Finally, be sure to check the deadline of your state tax return. While most states sync their deadline with the federal due date, a few of them have different dates to file. Check with your state tax agency to find out your state’s deadline.

Taxes for the Self-Employed

Independent contractors pay a self-employment tax as well as income tax. These workers file as Self-Employed for IRS purposes, requiring them to pay quarterly taxes as well. This tax bill includes income tax as well as a Self-Employment (SE) tax, which covers the Social Security and Medicare taxes that would be automatically withheld by most employers.

Many of the business expenses for independent contractors are tax-deductible, including the costs of technology, phone calls, supplies, and travel, if they were related to work. You can deduct the cost of maintaining a home office if you used part of your house exclusively for your business on a regular basis in 2020. You can either deduct $5 for every square foot of your house that makes up your home office (up to $1,500) or add up portions of your rent, utilities, mortgage interest, property taxes, and homeowners insurance and take a standard deduction based on that amount.

"You can deduct the cost of maintaining a home office if you used part of your house exclusively for your business on a regular basis in 2020."

If all goes well, you could be getting a refund in as little as three weeks. In the past, over 90% of refunds come from the IRS in fewer than 21 days from the time of filing. If you want to speed up this timeline, choose a direct deposit refund, as paper returns and checks are slower to process. Taxes can be a headache even in normal years. Getting them done as soon as possible means they stop looming over your shoulder, and you can get on with your year with a little peace of mind.

FFS Agents – share this post with your networks using our resources in the ABO.


Financial Friday Round-Up: April 26 – April 30, 2021

Welcome to the latest Financial Friday Round-Up, our weekly column filled with the best things for you to read, watch or listen to regarding finance around the web. Below you will find articles on entrepreneurs starting airlines, who will receive a tax extension this year, housing market prices, and more.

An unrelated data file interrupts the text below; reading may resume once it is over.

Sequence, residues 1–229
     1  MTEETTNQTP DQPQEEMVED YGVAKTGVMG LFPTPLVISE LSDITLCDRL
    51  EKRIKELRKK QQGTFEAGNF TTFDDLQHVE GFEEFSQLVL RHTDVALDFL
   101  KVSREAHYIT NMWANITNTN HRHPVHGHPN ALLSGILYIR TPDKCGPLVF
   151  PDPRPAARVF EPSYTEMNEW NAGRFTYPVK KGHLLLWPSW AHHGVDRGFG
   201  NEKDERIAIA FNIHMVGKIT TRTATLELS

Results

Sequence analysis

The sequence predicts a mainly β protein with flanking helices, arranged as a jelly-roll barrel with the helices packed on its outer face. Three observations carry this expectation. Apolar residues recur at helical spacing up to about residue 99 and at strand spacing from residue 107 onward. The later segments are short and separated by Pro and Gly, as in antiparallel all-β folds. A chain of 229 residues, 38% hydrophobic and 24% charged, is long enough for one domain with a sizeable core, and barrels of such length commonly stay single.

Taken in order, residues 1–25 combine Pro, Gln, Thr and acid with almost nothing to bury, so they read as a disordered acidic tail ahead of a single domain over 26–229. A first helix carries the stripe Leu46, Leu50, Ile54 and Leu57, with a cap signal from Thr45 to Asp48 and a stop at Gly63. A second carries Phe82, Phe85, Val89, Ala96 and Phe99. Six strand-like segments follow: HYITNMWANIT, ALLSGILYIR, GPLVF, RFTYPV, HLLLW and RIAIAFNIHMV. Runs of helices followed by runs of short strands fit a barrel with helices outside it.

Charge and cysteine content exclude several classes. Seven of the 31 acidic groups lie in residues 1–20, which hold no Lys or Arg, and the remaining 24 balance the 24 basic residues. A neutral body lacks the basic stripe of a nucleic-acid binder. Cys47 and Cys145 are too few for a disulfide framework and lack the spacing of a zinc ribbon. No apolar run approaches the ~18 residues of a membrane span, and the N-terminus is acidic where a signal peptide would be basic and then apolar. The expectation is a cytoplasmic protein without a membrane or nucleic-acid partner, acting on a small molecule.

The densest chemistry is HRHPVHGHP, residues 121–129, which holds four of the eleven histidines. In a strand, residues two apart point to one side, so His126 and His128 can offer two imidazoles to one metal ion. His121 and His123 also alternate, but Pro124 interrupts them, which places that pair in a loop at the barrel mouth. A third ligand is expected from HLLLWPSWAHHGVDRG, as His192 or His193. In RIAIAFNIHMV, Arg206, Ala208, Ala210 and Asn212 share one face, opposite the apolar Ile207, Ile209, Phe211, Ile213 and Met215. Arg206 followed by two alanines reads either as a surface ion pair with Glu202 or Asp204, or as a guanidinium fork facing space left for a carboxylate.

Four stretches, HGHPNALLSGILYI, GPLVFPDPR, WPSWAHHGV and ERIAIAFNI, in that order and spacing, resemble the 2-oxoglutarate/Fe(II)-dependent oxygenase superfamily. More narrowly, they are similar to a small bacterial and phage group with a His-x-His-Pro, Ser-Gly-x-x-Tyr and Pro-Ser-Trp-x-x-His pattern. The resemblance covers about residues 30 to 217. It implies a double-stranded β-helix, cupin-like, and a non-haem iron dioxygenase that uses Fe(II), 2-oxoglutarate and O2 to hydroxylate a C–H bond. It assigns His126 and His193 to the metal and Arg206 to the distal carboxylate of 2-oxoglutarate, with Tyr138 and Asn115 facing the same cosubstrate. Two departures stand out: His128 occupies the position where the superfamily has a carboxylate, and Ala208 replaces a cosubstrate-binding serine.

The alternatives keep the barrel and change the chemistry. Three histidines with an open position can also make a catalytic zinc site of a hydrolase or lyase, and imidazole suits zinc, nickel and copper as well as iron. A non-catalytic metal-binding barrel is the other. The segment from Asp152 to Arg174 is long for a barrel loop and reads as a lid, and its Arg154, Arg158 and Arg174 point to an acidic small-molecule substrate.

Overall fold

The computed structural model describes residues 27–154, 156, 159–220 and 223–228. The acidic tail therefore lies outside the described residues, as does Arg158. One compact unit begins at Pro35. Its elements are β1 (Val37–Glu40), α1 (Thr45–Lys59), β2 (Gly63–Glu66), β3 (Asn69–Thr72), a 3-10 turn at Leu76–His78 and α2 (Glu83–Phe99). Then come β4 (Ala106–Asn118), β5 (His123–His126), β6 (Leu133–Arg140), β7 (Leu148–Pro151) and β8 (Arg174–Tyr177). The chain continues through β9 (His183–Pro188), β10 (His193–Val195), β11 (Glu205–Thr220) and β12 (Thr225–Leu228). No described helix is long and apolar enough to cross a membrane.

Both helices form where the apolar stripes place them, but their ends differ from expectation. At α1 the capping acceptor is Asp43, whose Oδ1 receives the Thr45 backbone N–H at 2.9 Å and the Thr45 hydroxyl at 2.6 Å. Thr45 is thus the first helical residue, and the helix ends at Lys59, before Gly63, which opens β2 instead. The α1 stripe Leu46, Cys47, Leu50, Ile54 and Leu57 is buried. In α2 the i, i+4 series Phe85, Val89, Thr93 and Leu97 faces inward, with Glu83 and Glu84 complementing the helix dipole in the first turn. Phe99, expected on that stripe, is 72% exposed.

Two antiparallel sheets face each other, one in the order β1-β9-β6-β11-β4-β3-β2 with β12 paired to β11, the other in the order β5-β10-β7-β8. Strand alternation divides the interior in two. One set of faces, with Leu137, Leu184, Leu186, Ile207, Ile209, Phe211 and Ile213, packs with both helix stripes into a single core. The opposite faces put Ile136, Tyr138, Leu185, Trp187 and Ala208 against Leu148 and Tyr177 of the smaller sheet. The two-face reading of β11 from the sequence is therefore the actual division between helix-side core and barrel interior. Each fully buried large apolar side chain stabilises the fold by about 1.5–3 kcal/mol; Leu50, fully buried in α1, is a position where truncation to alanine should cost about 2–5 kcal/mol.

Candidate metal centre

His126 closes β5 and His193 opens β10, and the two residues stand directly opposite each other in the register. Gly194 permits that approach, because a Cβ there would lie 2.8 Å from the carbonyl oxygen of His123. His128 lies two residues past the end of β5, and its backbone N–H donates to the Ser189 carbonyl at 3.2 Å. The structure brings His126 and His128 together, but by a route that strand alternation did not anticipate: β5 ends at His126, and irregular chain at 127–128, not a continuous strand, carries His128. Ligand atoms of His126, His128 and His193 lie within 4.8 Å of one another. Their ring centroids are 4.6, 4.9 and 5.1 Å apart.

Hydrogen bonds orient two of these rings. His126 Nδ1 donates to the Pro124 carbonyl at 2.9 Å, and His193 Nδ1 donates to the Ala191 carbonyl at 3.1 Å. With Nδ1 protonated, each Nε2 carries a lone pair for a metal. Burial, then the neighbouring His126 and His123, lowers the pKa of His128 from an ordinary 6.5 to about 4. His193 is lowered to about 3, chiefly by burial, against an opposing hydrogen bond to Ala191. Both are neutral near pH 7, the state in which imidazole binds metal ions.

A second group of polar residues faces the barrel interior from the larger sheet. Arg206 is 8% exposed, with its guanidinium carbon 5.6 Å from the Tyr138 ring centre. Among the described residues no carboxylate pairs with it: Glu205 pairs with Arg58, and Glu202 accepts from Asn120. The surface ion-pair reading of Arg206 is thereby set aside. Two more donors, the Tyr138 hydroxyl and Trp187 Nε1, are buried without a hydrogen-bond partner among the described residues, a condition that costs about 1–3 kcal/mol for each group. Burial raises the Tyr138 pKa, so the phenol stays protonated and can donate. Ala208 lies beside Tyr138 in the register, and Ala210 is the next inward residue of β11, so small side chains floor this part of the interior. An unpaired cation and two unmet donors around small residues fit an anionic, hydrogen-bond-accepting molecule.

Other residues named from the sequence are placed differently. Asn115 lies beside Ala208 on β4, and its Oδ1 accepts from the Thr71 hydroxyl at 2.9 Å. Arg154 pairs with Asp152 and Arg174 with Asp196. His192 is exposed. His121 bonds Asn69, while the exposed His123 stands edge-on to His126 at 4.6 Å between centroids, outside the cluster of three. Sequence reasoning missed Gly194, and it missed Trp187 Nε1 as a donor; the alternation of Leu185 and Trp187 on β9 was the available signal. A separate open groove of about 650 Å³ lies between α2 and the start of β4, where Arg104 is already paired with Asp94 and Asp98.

More Than 90 New Airlines Are Launching in 2021. They Say It’s the Perfect Time.

Entrepreneurs try to anticipate market needs and race to fill that space in time to make an impact. Most recently, some thrifty upstarts are taking advantage of the post-vaccination urge to travel again by starting an airline. For more on how they plan to do it, read this piece from Wall Street Journal.

These People Will Get An Automatic Extension On Their Taxes 

If you or a loved one were a victim of the winter storms that affected Texas, Louisiana, or Oklahoma this February, this article points to a new rule that could extend your tax deadline. Check out this guide from Forbes to find out if you qualify for the new tax extension deadline put forth by the IRS this week.

The Red-hot Housing Market isn't Likely to Crash Soon. Experts Warn Prices will Only Climb Higher from Here.

Business Insider talked to housing experts about growing worries of a housing bubble, but there seems to be little risk that this recent boom in the market will bust. Still, prices look like they will continue to rise. For more data and analysis on the subject, check out this insightful article.

The Perfect Storm for Retirees